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Jonas Morganstein is the Emmy Award-winning executive creative director of Buster, the graphic design and animation division of Los Angeles-based Stun Creative. He received his BA from Vassar College and a double MFA in art and film from California Institute of the Arts. In 1994, Morganstein joined production company Bomb Factory as a director. He later paired with Kate Flather to form the commercial directing team Heavy International, which was first represented by Tool and then by Celsius Films. In 2004, Morganstein co-founded Buster with Stun principals Brad Roth and Mark Feldstein, and ever since has been cranking out commercials, brand identities and promos for high-profile brands, TV networks and movie studios. Under Morganstein’s leadership, Buster has stockpiled awards, including two Emmy Awards and seven Emmy nominations, and was named Agency of the Year at Promax/BDA 2013.

04.29.14

Love the Underdog

A lot of Buster’s work is comedic. How did you develop a knack for comedy, and how do you integrate it with design? The way I do comedy comes from a survival instinct. If you can make kids laugh they usually forget to beat you up. Comedy is about surprise; the clever twist and the unexpected reveal. Good design needs those elements, too. So I’d like to thank the kids trying to beat me up for turning me into a kick-ass designer.

Where do your best ideas come from? Many start as anti-ideas. We’ll be sitting in a brainstorm session and someone will joke “wouldn’t it be funny if we did THIS!” And it will be something that doesn’t seem possible or appropriate. But then we realize, “Wait, that could work!” So we never just automatically dismiss an idea, but we’re not afraid to point out why some seem “bad.” We can’t be worried about hurting people’s feelings all the time. People who have a lot of ideas tend to have some bad ones. It’s important to discuss why they don’t work because there is often a kernel in there that can be developed. At Buster we love the underdog—even underdog ideas.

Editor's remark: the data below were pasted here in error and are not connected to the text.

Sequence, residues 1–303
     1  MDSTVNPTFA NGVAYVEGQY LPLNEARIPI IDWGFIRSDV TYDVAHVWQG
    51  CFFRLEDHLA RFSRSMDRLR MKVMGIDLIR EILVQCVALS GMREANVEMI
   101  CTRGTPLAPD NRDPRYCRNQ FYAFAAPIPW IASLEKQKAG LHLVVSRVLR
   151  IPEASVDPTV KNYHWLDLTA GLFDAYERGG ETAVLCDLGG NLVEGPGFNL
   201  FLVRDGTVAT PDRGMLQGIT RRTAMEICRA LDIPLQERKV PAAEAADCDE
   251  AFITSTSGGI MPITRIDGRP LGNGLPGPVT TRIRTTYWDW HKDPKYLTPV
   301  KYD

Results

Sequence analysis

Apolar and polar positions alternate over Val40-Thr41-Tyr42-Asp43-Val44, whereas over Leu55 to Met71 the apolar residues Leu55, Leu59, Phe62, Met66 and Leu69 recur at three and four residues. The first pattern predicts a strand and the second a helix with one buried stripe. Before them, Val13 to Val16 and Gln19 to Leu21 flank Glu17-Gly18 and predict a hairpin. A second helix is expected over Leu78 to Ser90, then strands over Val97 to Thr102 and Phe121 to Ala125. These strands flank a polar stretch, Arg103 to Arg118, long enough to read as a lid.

What are some of the challenges you face as executive creative director, and how do you handle them? There’s a great story about a kindergarten teacher whose walls were always filled with amazing artwork—notably better than the other classrooms. When asked why her students were such artistic geniuses, she replied, “I just know when to take the paper away.” Many times, I find that to be true. Sometimes we look at something so long or it goes through so many levels of revision that we begin to complicate it, and we lose the essence of what makes it good. It’s difficult to decide whether developing something further is going to help you break through to a new creative level or ruin the work entirely.

What is your approach to branded content and entertainment for television? Ultimately it’s all about story. Each advertiser has their brand story and every TV network and show has a story too. Our job is to find where those stories intersect in the most entertaining way.

What tools do you find indispensible for your work? Bourbon and Energy Drinks. Not at the same time.